With all the recent Rugby World Cup excitement, you could forgive fans who missed the clash between England and Japan on 14 October at Kumagaya Stadium in Saitama Prefecture, as the visually impaired (VI) version of the sport kicked off in Japan.
Although England narrowly won all three matches, the lead fluctuated between the two rivals. Japan’s VI team then played the Wasps Legends who fielded Simon Shaw (71 England caps) and Serge Betson (63 France caps). The Wasps Legends team went 20-0 behind and fought back to win 20-29.
England Captain Jack Pearce said: “It’s been an amazing experience. I never thought I would be playing rugby with other visually impaired people, let alone playing in Japan during a Rugby World Cup. This is great for visually impaired sport and I can’t wait to see where the game goes from here”.
People often ask, so how does VI rugby work then?
UK-based The Change Foundation (TCF) is an award-winning charity that has used sport and dance for 30 years in 30 countries to transform the lives of young people. It trains and employs visually impaired coaches and players and has developed VI rugby as a seven-a-side touch version, played with an adapted ball that makes a noise to help players locate it when it’s moving.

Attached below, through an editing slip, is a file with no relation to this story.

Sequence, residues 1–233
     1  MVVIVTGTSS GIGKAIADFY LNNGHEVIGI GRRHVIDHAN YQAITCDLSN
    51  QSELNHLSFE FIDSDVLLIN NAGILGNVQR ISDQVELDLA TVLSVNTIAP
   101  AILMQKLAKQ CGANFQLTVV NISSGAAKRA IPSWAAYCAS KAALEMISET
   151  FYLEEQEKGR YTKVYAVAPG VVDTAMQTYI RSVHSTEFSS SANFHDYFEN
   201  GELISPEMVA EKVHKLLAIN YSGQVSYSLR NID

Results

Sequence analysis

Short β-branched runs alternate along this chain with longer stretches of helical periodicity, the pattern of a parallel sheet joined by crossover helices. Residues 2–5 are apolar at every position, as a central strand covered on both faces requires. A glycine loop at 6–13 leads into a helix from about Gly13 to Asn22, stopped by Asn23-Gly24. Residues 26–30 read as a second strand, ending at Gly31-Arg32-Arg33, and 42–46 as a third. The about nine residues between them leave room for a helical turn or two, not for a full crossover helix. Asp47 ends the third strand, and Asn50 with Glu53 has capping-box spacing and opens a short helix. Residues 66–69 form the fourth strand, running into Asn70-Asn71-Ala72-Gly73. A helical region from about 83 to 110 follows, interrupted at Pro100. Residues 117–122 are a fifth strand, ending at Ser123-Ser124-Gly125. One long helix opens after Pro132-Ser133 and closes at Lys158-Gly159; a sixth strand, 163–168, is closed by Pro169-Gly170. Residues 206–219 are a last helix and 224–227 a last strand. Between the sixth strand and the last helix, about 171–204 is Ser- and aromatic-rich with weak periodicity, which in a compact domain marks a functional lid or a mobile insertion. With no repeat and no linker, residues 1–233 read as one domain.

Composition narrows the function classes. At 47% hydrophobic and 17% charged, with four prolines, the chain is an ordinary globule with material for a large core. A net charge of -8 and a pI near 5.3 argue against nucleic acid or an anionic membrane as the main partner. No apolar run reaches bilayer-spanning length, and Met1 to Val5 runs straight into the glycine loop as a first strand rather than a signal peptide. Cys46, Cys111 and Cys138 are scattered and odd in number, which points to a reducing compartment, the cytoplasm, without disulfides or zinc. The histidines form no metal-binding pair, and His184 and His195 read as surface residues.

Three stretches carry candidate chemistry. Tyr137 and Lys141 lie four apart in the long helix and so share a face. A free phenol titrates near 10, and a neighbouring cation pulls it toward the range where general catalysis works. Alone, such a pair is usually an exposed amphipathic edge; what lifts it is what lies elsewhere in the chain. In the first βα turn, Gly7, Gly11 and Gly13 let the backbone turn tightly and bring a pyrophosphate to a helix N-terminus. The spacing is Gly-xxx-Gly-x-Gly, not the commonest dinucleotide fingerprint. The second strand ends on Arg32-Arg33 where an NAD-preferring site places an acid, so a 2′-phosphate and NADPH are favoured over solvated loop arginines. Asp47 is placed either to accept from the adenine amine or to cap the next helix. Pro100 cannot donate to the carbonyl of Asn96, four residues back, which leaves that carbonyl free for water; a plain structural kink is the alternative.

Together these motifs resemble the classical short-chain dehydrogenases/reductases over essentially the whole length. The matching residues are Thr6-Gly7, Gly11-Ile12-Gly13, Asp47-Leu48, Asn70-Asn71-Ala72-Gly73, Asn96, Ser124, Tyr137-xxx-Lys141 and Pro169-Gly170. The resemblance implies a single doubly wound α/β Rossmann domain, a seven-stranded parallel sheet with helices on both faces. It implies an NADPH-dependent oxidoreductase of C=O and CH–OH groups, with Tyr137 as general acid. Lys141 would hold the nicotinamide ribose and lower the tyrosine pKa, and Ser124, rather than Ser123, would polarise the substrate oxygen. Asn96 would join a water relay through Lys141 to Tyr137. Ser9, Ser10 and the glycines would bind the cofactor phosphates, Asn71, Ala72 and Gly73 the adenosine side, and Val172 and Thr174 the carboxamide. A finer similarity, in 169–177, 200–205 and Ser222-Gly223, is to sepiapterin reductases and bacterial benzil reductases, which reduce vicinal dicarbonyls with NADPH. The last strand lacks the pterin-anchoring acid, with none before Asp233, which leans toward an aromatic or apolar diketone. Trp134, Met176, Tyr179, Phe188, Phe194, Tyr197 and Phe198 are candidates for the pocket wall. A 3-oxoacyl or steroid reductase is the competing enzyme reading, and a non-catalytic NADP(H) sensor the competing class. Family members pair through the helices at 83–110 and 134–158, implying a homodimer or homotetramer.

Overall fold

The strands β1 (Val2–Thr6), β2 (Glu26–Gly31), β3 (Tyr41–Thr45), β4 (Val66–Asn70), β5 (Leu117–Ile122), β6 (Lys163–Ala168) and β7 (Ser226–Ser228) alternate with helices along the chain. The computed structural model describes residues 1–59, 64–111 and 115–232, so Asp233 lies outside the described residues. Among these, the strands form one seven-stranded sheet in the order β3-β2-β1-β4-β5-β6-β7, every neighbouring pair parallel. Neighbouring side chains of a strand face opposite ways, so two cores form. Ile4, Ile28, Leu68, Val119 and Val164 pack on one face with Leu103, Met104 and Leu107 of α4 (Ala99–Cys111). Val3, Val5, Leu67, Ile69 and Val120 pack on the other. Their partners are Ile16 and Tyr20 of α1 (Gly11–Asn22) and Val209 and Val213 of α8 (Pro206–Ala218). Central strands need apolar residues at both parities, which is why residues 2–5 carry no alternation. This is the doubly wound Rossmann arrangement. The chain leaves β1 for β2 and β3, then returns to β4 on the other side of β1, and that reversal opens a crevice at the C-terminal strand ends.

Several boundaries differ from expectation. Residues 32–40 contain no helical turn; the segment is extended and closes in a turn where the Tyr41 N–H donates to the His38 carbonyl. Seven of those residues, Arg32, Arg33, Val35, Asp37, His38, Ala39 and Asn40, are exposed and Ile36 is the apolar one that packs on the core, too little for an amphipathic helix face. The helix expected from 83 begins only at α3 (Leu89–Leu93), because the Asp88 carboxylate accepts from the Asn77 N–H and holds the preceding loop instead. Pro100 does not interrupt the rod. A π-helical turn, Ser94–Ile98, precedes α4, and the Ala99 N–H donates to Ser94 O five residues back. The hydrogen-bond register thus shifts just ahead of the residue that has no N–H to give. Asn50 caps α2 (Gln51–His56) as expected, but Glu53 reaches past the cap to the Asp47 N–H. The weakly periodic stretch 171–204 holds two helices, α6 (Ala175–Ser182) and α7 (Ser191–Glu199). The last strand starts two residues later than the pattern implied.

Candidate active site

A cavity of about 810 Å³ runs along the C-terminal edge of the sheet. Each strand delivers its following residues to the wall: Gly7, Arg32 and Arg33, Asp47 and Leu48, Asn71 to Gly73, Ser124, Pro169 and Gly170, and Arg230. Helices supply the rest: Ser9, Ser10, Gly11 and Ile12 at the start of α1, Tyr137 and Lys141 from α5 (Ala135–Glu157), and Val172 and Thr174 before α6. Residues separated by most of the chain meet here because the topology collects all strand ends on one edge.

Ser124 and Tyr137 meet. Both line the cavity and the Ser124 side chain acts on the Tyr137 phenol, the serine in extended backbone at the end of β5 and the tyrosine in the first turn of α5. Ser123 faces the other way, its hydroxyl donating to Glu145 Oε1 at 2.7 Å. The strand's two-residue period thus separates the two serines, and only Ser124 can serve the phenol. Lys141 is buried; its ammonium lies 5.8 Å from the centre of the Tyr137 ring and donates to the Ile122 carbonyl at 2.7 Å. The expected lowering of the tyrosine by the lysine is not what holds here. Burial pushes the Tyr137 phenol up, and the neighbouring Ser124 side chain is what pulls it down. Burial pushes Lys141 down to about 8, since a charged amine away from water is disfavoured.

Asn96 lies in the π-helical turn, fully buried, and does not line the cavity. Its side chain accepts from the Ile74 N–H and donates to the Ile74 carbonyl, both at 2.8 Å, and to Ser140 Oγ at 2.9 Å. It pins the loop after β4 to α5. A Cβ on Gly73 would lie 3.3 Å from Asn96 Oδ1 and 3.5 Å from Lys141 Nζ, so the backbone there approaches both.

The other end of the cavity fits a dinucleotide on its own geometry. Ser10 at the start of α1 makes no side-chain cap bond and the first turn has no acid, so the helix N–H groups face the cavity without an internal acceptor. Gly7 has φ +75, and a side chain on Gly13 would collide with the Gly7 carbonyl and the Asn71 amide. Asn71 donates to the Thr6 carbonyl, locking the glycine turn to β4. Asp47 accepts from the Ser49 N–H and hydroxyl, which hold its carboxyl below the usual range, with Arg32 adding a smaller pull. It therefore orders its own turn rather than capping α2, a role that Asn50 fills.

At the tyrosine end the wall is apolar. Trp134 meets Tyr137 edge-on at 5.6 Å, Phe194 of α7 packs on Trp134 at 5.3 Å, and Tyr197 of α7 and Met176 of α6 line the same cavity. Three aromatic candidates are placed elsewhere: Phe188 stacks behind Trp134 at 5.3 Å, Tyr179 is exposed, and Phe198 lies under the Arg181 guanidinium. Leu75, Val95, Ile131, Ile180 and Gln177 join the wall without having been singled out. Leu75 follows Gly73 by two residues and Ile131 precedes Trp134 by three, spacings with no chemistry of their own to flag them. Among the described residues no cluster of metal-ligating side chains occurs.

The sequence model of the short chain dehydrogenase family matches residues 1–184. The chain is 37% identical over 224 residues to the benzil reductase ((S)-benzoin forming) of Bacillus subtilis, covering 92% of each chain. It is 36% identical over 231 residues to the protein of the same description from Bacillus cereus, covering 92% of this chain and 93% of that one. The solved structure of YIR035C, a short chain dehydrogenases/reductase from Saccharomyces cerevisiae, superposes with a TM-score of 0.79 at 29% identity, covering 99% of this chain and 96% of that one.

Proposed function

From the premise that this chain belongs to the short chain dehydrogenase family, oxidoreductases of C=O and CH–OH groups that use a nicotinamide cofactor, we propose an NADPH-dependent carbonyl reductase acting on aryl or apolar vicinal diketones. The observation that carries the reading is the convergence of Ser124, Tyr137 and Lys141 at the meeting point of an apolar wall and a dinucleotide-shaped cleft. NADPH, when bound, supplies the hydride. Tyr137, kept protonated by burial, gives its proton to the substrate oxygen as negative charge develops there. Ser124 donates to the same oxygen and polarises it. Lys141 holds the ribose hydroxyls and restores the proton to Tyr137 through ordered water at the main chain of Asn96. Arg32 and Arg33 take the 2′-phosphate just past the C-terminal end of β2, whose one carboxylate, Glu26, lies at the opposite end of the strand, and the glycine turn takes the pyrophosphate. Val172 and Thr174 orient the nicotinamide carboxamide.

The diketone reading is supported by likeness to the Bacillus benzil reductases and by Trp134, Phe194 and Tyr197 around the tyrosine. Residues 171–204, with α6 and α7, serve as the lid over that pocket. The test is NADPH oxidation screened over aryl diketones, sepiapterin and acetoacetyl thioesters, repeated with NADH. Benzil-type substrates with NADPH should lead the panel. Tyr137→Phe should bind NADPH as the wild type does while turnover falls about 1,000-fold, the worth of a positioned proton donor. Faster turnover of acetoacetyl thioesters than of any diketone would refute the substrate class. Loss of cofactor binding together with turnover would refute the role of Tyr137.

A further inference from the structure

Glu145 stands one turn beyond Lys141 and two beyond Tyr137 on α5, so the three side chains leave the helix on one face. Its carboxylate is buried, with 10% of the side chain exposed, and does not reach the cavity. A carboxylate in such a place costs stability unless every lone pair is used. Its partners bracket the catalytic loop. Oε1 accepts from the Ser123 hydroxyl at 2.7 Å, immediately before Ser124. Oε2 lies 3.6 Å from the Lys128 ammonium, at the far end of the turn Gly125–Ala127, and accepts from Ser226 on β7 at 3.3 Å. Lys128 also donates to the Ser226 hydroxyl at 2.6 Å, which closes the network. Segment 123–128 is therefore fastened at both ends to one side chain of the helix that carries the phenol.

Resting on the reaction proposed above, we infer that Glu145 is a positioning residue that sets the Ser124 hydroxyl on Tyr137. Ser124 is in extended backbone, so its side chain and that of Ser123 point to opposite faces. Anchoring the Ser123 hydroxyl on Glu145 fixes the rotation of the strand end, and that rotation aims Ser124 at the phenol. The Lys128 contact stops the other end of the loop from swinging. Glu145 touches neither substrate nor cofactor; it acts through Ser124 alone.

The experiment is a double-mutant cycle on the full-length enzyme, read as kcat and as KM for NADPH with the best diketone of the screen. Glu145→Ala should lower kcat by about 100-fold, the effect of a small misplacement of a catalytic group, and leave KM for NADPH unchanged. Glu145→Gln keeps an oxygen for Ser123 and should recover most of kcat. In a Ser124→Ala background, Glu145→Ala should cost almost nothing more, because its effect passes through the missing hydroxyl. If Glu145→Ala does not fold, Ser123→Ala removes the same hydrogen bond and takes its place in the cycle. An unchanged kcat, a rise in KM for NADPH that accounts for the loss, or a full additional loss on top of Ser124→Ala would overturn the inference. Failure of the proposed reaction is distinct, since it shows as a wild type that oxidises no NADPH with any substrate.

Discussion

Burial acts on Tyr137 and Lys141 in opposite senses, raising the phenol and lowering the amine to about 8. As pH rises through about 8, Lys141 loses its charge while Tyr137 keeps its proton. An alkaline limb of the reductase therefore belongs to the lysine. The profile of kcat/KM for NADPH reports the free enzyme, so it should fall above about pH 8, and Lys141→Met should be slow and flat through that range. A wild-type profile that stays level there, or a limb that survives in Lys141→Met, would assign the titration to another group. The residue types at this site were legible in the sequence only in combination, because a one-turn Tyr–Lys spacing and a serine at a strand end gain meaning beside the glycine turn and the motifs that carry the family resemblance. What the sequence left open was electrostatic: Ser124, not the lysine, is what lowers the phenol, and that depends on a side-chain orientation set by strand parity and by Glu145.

In partnership with the Wasps Legends Charitable Foundation, TCF established the first VI rugby teams in England and launched the game with a series between the “Blind Lions” and the “Blind Blacks” in New Zealand during the 2017 British & Irish Lions tour.
TCF Chief Executive Andy Sellins told ACUMEN what teams playing VI rugby face. “Close your eyes and picture this: the smell of freshly cut grass; the roar of the crowd; running full pelt down the field; the touch line almost in reach; your winger just to your right; the heavy footsteps of the opposing defender bearing down on you. Now, open just one eye slightly, squint tightly and try your best to catch that ball hurtling towards you while avoiding that other defender coming at you headlong even faster!”
Ryan Jones, an England VI star, said: “Without The Change Foundation, none of this would have been possible. They have created a game that’s safe and feels exactly like rugby. I’ve made some great new friends on the Japanese team and we’ve promised to stay in touch until we meet again on the rugby field”.
Sellins said: “Everyone present knew by the end that this was the start of something big in Japan, and it was fitting that, after an emotional weekend for the country, the rugby family opened its arms to welcome in a new group of players who had never had the chance to play before”.
So, what’s next? TCF will work with the Six Nations teams in 2020 to develop the sport in their countries. In England, Ireland, Scotland and Wales, TCF will help the rugby union federations to select a “Blind Lions” team to travel to South Africa and the “Blind Boks” during the 2021 British & Irish Lions tour.